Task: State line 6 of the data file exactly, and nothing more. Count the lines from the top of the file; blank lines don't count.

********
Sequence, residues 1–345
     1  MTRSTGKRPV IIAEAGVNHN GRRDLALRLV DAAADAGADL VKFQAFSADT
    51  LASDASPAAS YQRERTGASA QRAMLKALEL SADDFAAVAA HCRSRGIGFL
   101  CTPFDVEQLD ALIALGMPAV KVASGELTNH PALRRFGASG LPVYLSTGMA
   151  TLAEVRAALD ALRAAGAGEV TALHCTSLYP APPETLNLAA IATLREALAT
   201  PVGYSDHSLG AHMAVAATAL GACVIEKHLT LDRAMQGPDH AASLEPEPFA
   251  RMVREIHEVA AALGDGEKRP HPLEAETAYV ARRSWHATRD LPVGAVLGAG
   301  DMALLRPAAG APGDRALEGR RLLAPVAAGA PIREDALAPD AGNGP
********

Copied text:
   201  PVGYSDHSLG AHMAVAATAL GACVIEKHLT LDRAMQGPDH AASLEPEPFA